Ancient religion and modern science agree: we are here to give praise. Or, to slightly tip the expression, to pay attention. Without us, the physicists who have espoused the anthropic principle tell us, the universe would be unwitnessed, and in a real sense not there at all. It exists, incredibly, for us. This formulation (knowing what we know of the universe’s ghastly extent) is more incredible, to our sense of things, than the Old Testament hypothesis of a God willing to suffer, coddle, instruct, and even (in the Book of Job) to debate with men, in order to realize the meager benefit of worship, of praise for His Creation. What we beyond doubt do have is our instinctive intellectual curiosity about the universe from the quasars down to the quarks, our wonder at existence itself, and an occasional surge of sheer blind gratitude for being here.

Poet Charles Bukowski:
For those who believe in God, most of the big questions are answered. But for those of us who can’t readily accept the God formula, the big answers don’t remain stone-written. We adjust to new conditions and discoveries. We are pliable. Love need not be a command or faith a dictum. I am my own God.

We are here to unlearn the teachings of the church, state and our educational system.

We are here to drink beer.

We are here to kill war.

We are here to laugh at the odds and live our lives so well that Death will tremble to take us.

We are here to read these words from all these wise men and women who will tell us that we are here for different reasons and the same reason.

Avant-garde composer and philosopher John Cage:
No why. Just here.

 

On The Surface of Things

I.
In my room, the world is beyond my understanding;
But when I walk I see that it consists of three or four
hills and a cloud.

II.
From my balcony, I survey the yellow air,
Reading where I have written,
“The spring is like a belle undressing.”

III.
The gold tree is blue,
The singer has pulled his cloak over his head.
The moon is in the folds of the cloak.

– Wallace Stevens

Oranges

Cut one, the lace of acid 
rushes out, spills over your hands. 
You lick them, manners don’t come into it. 
Orange. The first word you have heard that day 

enters your mind. Everybody then 
does what he or she wants; breakfast is casual. 
Slices, quarters, halves, or the whole hand 
holding an orange ball like the morning sun 

on a day of soft wind and no clouds 
which it so often is. “Oh, I always 
want to live like this, 
flying up out of the furrows of sleep, 

fresh from water and its sheer excitement, 
felled as though by a miracle 
at this first sharp taste of the day!” 
You’re shouting, but no one is surprised. 

Here, there, everywhere on the earth 
thousands are rising and shouting with you, 
even those who are utterly silent, absorbed, 
their mouths filled with such sweetness. 

– Mary Oliver

Dear Person, A Jack Lemmon Tribute

WALTER MATTHAU TO JACK LEMMON

June 3, 1979

Dear Jack,

Your inability to win the Tony Award has put a deep strain on our relationship. Please don’t try to get too familiar with us anymore. Your incompetence is shameful. Go suck on a popsicle.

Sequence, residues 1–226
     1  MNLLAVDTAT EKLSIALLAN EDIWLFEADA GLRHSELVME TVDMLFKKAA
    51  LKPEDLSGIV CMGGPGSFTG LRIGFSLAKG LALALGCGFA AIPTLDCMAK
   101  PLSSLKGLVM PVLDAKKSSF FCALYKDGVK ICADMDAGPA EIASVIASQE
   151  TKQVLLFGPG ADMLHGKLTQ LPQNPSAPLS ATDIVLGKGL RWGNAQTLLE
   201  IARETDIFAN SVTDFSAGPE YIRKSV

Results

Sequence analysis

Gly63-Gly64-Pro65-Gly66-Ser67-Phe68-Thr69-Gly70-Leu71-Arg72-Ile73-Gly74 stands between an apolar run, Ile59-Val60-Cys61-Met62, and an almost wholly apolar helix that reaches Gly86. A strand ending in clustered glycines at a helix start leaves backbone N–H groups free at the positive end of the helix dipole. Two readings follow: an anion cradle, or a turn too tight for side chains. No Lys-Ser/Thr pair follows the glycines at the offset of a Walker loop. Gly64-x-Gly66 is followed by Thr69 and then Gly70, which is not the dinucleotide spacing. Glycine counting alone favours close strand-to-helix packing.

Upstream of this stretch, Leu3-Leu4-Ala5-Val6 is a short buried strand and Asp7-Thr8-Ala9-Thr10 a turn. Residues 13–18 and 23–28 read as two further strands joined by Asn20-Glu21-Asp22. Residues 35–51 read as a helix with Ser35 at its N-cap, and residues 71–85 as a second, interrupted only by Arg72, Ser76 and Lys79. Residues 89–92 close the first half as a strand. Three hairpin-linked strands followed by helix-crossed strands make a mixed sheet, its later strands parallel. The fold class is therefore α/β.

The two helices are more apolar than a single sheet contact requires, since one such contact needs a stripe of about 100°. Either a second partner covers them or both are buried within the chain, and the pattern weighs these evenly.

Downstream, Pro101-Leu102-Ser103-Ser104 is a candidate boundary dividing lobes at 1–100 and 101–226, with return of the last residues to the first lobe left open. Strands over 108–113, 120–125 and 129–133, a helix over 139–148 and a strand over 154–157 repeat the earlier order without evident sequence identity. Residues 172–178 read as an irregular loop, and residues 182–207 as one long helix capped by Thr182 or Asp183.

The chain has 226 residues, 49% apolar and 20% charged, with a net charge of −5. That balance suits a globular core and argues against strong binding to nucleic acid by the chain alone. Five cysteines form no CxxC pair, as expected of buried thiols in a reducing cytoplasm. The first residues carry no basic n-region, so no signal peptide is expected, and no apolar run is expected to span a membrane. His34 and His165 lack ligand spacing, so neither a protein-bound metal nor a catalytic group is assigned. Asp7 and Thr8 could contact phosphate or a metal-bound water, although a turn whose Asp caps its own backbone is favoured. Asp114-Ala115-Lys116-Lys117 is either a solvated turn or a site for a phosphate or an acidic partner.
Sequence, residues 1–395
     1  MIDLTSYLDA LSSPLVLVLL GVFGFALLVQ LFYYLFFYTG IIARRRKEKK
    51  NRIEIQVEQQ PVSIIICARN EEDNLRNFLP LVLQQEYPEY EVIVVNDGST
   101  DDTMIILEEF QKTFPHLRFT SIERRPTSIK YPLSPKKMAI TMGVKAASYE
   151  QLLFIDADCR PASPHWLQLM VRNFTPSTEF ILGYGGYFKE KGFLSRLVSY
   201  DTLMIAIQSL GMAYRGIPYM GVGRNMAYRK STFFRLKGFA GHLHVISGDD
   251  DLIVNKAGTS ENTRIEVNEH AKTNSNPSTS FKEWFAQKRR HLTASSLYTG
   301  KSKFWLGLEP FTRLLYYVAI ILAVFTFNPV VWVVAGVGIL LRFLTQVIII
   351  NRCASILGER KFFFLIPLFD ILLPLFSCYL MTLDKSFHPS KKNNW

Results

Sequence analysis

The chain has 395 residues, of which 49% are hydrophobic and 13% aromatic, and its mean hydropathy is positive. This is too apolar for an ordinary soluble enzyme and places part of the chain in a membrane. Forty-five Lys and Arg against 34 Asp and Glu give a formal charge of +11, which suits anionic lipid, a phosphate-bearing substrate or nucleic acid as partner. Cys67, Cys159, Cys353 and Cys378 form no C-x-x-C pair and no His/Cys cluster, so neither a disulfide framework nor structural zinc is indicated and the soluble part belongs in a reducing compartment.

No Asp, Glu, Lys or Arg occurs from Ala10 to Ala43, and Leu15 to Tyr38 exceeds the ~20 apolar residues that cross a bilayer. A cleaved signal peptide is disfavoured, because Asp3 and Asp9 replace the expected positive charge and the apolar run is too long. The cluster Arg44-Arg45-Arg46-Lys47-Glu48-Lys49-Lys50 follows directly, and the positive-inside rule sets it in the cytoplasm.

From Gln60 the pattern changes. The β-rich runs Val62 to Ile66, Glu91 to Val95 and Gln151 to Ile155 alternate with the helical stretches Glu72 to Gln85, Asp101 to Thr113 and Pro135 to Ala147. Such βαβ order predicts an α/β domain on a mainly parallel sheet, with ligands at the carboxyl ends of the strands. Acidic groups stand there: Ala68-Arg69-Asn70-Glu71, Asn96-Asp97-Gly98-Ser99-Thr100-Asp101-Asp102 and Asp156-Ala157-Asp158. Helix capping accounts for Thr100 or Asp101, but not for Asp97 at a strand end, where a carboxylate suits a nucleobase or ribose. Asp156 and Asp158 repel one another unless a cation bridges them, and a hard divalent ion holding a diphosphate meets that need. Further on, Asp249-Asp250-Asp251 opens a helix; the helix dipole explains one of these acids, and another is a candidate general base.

Walter


JACK LEMMON TO BURT REYNOLDS

November 7, 1978

Dear Person:

I have been meaning to get a hold of you for days, but I’m very big on Broadway and I have very little time to give cogent advice to younger hopefuls.

However, the entire city of New York has informed me that by an incredible stroke of luck you will be attending this Thursday’s performance of “Tribute” (which will be brilliant), and I merely wanted to know if you would like to enjoy the added thrill of having dinner with the star afterwards?

I don’t want to rattle you, but if you say no it may fuck-up the entire performance.

I would also like you to know that this invitation is extended only because of the lady you are bringing, who is a hell of a lot more attractive than you are!

In readiness,

John Uhler Lemmon III


JACK LEMMON TO BURT REYNOLDS

June 7, 1982

Dear Person:

It has come to my attention that you sent a contribution of $10,000 to the Jack Lemmon Burn Center in the Children’s Hospital of Buffalo.

I just wanted to say that I’m sorry that you couldn’t come up with a sizable contribution, but God knows after all these years I, as much as anyone, understand the ups and downs of this crazy business. Some years are good, some years are bad, and even though you’re obviously on the shit list, I certainly appreciate the fact that you made some kind of effort no matter how meager.

I do think it is important for me to clarify an area of possible confusion on your part. Burn Centre has nothing to do with critical reaction to your work. However, it’s too fucking late so we’re going to keep the money and help a hell of a lot of kids.

One of these days I’m going to work with you even if it kills me (and it probably will).

Many thanks, and love,

Jack


JACK LEMMON TO MICHAEL DOUGLAS

December 14, 1987

Dear Person,

Let’s face it—I have been in the acting dodge for centuries and I think I know a little bit about talent and human behavior and I know that you’re one dandy fella’ personally and a joy to work with professionally, but I also now know that that’s a crock of shit because I don’t care how good an actor is, nobody could play that part [Gordon Gekko in Wall Street] the way you did without basically being a rotten stinking insensitive vicious prick and I am personally going to spread the word and I don’t ever want to speak to you again.

Congratulations, you were absolutely brilliant.